Like a Child: Receive the Kingdom

This morning my Bible reading took me to Mark 10. It was one of those times when something ‘hits’ afresh. “I tell you the truth, anyone who does not receive the Kingdom of God like a little child will never enter it.”

Matthew 18:16 has been the text for this “Like a Child” series. There, Jesus says that we must “change and become like little children.” But the emphasis in the Mark 10 verse is different. It speaks of receiving the Kingdom of God.

How does a little child receive the Kingdom? How would a little child receive anything? It made me think.

Young children don’t receive information about their environment by remembering it, but by absorbing it. It is called implicit memory, or unconscious memory. None of us ‘remember’ being born, or remember our first birthday. In fact, we might not remember anything about the first several years of life. Yet, those years have shaped us and largely influenced the persons we are today. The experiences of a young child are not received by rote memory, but are incorporated into his very being.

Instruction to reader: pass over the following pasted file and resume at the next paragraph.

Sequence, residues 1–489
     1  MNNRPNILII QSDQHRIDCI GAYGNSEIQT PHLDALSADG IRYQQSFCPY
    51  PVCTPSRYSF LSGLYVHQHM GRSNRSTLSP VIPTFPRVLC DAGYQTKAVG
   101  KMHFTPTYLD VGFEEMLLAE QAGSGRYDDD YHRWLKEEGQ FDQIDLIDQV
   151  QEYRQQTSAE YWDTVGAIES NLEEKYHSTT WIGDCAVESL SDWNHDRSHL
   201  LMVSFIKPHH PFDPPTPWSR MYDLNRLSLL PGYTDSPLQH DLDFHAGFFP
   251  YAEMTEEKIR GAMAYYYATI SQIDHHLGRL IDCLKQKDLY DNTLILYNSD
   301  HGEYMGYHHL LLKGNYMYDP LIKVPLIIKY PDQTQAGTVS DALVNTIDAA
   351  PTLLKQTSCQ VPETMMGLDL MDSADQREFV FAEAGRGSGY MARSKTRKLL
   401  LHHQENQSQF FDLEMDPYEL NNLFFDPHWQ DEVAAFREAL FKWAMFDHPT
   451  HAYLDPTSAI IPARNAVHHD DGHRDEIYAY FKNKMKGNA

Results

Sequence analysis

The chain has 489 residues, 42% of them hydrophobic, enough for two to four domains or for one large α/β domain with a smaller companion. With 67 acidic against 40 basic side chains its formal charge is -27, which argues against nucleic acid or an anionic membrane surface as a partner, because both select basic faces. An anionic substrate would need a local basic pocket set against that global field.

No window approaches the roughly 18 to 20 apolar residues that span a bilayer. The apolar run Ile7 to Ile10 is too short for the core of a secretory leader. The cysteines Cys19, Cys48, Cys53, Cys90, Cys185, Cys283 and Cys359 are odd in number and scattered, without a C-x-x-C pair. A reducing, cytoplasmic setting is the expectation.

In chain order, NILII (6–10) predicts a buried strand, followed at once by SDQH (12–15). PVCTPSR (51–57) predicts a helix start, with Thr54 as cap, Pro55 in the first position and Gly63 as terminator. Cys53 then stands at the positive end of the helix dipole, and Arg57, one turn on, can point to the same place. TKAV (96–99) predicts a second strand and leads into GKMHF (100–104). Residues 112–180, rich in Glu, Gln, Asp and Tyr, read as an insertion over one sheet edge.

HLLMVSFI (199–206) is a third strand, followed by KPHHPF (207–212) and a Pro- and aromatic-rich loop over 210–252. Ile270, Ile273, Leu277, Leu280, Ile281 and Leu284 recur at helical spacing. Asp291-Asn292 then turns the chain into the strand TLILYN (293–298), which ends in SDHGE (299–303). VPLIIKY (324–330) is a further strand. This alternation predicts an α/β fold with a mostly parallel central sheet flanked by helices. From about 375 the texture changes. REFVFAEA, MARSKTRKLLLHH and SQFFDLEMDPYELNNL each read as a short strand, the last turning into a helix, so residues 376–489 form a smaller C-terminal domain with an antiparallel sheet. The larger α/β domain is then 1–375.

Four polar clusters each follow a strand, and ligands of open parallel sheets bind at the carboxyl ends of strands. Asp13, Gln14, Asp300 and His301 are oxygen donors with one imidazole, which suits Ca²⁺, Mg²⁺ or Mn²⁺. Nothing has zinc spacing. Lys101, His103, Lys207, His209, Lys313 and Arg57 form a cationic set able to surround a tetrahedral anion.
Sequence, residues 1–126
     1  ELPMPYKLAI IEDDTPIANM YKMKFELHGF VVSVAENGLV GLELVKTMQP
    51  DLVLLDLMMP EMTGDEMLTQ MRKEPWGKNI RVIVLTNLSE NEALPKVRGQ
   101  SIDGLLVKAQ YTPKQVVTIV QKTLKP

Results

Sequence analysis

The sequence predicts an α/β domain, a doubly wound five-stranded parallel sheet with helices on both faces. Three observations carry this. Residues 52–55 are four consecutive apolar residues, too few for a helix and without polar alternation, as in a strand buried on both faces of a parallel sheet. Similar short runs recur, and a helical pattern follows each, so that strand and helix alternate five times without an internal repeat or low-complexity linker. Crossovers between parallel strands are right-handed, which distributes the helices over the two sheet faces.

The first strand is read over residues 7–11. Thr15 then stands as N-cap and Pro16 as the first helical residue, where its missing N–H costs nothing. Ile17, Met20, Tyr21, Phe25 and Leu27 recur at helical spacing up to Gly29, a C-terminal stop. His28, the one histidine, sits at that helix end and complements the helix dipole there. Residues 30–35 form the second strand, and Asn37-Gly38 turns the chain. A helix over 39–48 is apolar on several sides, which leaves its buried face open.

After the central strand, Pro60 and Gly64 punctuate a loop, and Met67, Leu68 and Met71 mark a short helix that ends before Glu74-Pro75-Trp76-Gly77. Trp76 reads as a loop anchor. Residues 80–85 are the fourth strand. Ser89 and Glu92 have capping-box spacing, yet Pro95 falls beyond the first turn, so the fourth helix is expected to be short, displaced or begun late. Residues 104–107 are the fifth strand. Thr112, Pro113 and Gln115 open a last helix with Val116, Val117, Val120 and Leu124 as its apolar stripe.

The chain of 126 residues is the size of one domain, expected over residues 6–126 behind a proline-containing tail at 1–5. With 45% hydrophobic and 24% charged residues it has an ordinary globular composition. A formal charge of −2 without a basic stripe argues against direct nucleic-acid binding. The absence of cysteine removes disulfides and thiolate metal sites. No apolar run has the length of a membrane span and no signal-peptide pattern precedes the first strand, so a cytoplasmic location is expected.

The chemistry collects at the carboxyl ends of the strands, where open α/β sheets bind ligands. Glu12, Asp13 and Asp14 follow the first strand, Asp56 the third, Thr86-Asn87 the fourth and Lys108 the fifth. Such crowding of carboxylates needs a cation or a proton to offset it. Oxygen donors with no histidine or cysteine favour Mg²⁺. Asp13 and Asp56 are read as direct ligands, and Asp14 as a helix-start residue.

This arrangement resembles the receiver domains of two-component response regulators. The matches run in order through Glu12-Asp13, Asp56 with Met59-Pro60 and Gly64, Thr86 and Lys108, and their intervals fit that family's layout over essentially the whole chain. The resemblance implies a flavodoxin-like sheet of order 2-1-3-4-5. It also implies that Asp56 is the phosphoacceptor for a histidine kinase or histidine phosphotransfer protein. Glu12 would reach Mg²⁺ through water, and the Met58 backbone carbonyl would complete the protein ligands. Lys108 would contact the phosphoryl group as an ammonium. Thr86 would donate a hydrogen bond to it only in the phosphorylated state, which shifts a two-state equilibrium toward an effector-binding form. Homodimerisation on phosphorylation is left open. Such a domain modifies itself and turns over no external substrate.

What does this mean for us and the Kingdom? Yes, we need to learn about the Kingdom of God. But perhaps Jesus is saying here that we need to do more than that — we need to become the Kingdom. The ‘upside-down-ness’ (or is it right-side-up-ness?) of the Kingdom should be our norm. The values of the Kingdom should be burned in our soul. The Kingdom principles should be those that we naturally live by. That is, the Kingdom should be part of us. The Kingdom of God is who we are.

Maybe that is why we must be born again — so that we become infants in the spirit and receive, then grow into, the Kingdom of God even as a child would. Otherwise, according to Jesus, we can never enter.

 ~ Diane


About Omondis In Kenya

Ibrahim and Diane Omondi serve on the DOVE Christian Fellowship International Apostolic Council, giving oversight to the region of Africa. They have been ministering together in Kenya since 1984 and now oversee the work of more than 100 congregations in four nations. They also give leadership to the missions thrust of DOVE Africa which includes 14 Kenyan and Ugandan missionaries serving among unreached people groups in these nations. The Omondis direct Springs of Africa, a non-profit organization sponsoring micro-finance, community development and various education initiatives.
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